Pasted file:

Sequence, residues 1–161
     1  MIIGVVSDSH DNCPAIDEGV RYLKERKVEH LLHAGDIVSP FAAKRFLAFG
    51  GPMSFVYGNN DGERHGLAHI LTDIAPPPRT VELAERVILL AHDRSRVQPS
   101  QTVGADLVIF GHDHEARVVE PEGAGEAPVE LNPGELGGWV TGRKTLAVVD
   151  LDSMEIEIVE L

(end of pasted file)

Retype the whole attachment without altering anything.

Sequence, residues 1–161
     1  MIIGVVSDSH DNCPAIDEGV RYLKERKVEH LLHAGDIVSP FAAKRFLAFG
    51  GPMSFVYGNN DGERHGLAHI LTDIAPPPRT VELAERVILL AHDRSRVQPS
   101  QTVGADLVIF GHDHEARVVE PEGAGEAPVE LNPGELGGWV TGRKTLAVVD
   151  LDSMEIEIVE L